I love being an early adopter. I also really love the product previews I get to see before launch date. Palm was very generous in giving me one of the first looks at their new GPS Navigator Smartphone Edition which is just being released today.
How does this GPS option made especially for the Treo line work? Is it something to run out an purchase? Read on for my thoughts. Overview:
I have been testing this brand new GPS unit and software for about three weeks now. The GPS is made by Palm and it is a Bluetooth GPS receiver. It comes with a car charger, a very nice window or dash mounted suction cup/holder for the treo and a brand new version of the wonderful TomTom Navigation software.
Palm has always been about simplicity. This GPS package is designed to follow in that tradition. Everything you need is right here. Setup and use (which I will detail below) could not be easier and the documentation is quite extensive if there are any problems.
One of the nice features of this package is that it is truly made for the Treo line. The software is available on a DVD but also pre-loaded on an SD card. For kicks, I tried to install it on my Axim – but to no avail – this only works with Treos.
What’s in the box?
The GPS Navigator package comes with a brand new, very small GPS receiver which has only one button to worry about. There is a manual explaining the GPS and how to pair it to the Treo.
The Receiver connects to a car charger (included) and sits on the dash. The only thing missing was some Velcro or other fastener to keep the GPS receiver from sliding over the dash.
Also in the box is a very well designed suction cup and plastic holder for the Treo. One nice feature is that the power cord has two adapters connected to it – one for the GPS receiver and one for the Treo. Thus, one car jack can power both the Treo and the GPS.
Bundled with the package is brand new version 6 of the TomTom navigator software. This software is both on DVD and on a quick installing SD card and the manuals included were thick and very well written.
The Palm GPS Navigator was hands down the easiest GPS package I have ever set up. The GPS unit paired with the Treo in seconds via Bluetooth. Simply search for the device in the Bluetooth settings of the Treo, follow the instructions and you are ready to go.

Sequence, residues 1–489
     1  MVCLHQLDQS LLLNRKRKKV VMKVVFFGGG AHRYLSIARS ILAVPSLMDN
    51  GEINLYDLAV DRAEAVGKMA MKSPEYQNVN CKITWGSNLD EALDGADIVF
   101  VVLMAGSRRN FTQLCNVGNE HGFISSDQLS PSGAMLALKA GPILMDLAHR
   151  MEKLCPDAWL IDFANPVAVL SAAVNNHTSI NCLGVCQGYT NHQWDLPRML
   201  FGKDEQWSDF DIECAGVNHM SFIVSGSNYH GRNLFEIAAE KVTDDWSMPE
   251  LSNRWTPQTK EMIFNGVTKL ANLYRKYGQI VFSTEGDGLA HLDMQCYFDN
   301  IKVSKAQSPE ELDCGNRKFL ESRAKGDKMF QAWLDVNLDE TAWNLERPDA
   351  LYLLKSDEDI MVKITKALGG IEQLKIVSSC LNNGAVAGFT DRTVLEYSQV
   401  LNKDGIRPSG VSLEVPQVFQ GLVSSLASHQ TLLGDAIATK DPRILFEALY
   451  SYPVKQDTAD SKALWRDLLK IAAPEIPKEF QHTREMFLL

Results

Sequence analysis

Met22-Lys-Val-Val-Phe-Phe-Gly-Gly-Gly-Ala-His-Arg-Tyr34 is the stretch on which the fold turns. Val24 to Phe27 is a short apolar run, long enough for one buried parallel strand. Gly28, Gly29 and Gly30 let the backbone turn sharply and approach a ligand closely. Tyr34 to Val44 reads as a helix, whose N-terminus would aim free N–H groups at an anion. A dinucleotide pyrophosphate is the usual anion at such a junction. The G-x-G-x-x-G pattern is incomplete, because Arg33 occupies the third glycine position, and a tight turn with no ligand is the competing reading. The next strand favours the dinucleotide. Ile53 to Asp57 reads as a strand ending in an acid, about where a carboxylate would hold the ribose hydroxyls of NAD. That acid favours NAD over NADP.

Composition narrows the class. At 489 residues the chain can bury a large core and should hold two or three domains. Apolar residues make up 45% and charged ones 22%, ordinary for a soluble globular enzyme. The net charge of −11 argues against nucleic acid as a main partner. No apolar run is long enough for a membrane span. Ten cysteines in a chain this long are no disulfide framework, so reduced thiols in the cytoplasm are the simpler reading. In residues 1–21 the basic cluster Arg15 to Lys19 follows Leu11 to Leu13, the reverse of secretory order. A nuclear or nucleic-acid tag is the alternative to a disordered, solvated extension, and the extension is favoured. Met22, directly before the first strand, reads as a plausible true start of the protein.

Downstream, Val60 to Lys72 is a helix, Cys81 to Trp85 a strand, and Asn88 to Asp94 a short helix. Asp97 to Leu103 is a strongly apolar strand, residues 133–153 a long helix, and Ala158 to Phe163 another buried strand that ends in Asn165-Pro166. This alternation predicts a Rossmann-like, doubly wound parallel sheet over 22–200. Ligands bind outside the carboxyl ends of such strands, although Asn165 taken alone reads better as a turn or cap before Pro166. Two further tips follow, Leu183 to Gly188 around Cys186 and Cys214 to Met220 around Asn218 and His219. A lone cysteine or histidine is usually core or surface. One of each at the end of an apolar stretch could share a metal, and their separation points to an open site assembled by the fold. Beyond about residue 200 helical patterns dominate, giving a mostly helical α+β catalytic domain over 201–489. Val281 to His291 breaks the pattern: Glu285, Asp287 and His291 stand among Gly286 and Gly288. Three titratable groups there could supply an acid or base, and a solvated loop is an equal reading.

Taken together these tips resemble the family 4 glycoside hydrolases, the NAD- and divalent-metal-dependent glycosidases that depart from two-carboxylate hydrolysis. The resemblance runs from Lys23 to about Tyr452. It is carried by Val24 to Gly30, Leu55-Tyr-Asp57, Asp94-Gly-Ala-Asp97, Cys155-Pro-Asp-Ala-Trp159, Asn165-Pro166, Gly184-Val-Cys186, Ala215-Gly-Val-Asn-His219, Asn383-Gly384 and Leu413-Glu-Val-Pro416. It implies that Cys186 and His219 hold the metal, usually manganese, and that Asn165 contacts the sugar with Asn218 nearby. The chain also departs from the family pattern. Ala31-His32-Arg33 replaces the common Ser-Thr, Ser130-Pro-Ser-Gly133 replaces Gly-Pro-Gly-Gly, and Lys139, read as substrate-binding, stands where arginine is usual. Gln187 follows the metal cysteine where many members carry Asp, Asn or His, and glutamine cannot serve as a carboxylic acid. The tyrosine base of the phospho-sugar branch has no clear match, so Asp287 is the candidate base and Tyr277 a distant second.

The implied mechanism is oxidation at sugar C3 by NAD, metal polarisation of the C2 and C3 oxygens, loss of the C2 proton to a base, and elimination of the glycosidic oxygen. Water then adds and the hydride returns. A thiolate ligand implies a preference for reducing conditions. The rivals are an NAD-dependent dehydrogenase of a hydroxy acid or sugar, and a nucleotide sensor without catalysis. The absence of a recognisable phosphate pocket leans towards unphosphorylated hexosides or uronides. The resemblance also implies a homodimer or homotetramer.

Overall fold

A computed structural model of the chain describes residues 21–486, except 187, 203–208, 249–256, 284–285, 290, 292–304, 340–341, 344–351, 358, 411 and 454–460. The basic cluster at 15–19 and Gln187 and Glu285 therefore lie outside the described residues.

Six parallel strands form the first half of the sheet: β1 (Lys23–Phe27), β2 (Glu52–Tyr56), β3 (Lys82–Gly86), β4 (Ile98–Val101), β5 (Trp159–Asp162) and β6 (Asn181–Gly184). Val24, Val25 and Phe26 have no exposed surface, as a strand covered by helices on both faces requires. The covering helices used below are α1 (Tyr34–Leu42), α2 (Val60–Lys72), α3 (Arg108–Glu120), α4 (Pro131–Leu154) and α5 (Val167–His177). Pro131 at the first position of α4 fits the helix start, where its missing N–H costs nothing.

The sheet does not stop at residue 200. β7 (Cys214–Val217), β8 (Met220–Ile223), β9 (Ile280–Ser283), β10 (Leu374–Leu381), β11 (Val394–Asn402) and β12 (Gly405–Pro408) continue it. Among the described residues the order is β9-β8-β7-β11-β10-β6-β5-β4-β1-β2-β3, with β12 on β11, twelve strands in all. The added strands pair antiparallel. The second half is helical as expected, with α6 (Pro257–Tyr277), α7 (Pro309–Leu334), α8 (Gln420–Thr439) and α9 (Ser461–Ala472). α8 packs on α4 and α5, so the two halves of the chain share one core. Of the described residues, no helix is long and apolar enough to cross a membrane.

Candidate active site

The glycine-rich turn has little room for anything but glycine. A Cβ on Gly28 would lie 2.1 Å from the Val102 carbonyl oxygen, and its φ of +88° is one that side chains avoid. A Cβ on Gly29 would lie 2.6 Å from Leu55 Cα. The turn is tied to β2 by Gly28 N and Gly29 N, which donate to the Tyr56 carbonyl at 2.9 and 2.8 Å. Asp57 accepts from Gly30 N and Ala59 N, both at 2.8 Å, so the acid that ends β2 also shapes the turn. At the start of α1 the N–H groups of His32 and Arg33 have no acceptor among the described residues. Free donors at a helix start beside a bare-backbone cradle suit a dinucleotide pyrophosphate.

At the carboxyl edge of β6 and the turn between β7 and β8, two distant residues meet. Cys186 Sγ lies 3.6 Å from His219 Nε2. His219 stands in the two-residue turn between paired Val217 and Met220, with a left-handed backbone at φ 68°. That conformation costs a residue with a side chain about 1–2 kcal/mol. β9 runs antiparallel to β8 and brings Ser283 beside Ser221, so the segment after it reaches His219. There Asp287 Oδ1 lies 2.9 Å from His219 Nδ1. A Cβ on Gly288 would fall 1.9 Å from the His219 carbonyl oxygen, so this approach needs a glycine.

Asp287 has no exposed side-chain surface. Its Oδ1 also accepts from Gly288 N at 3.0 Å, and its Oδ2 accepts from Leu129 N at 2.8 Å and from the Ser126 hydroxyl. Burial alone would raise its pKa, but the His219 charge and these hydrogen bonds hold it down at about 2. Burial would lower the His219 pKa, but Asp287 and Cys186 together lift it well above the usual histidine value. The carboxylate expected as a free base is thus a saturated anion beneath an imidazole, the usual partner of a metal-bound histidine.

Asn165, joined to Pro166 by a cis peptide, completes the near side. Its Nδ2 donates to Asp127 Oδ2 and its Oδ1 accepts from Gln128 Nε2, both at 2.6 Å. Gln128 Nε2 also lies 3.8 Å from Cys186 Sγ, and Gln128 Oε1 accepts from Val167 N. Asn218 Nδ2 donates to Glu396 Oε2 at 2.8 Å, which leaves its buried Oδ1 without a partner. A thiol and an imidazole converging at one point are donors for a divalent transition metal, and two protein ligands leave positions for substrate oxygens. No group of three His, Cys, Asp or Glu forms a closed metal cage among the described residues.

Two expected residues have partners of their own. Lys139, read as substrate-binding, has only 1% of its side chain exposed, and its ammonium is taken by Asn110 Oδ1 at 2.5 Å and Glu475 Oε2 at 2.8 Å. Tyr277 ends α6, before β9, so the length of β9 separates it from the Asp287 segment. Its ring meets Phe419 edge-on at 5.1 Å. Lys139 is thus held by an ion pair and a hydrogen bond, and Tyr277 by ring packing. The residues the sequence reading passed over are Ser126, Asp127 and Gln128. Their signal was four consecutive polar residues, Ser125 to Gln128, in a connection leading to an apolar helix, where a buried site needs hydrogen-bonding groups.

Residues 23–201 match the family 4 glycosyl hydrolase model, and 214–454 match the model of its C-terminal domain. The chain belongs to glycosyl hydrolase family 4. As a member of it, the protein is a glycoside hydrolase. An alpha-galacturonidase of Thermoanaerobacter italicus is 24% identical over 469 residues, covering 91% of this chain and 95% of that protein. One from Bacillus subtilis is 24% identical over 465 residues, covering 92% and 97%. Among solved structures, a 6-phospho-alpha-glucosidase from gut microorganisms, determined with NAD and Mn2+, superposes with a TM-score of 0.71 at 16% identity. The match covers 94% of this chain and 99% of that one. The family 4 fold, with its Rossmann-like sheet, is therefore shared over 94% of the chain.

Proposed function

The only thing easier was setting up the software. This version of TomTom Navigator software was just a joy to use. Put in the SD card, tell it what GPS unit you are using and your position is acquired in minutes.
From then on, the software was a cinch to use (and will be discussed down below.)
Ease of use:
This will seem like a contradiction, but, this is the beauty and the curse of this package. The problem is the use of Bluetooth and the limitations of the Palm OS. To be fair, I did not get to test this on the Treo 700 W, so I don’t know if the same issue applies to the Windows OS.
Here is the potential problem. Bluetooth on the Palm OS does not allow for multi tasking and a multiplicity of connections. Ideally, you pair your Treo with one device and just keep using it and it works great.
If you do not use a Bluetooth headset or car kit, you will have no problems with this GPS unit at all. It will work flawlessly and beautifully.
If, however, you use your Treo with a Bluetooth Headset or car kit – you will not be able to use the Treo with both simultaneously. If you want to use the GPS, you must disconnect the connection from the headset, connect to the GPS and then turn off your headset.
If you remain connected to your headset, the Treo will not be able to ‘see’ the GPS device. This is just the way it is when trying to use the Treo with more than one Bluetooth device.
I asked the Palm rep I work with why they chose a Bluetooth GPS and not a hardwired GPS that could work through a serial connection and free up the GPS port and he said it was because this unit is designed so the user has the ability to walk around and use it.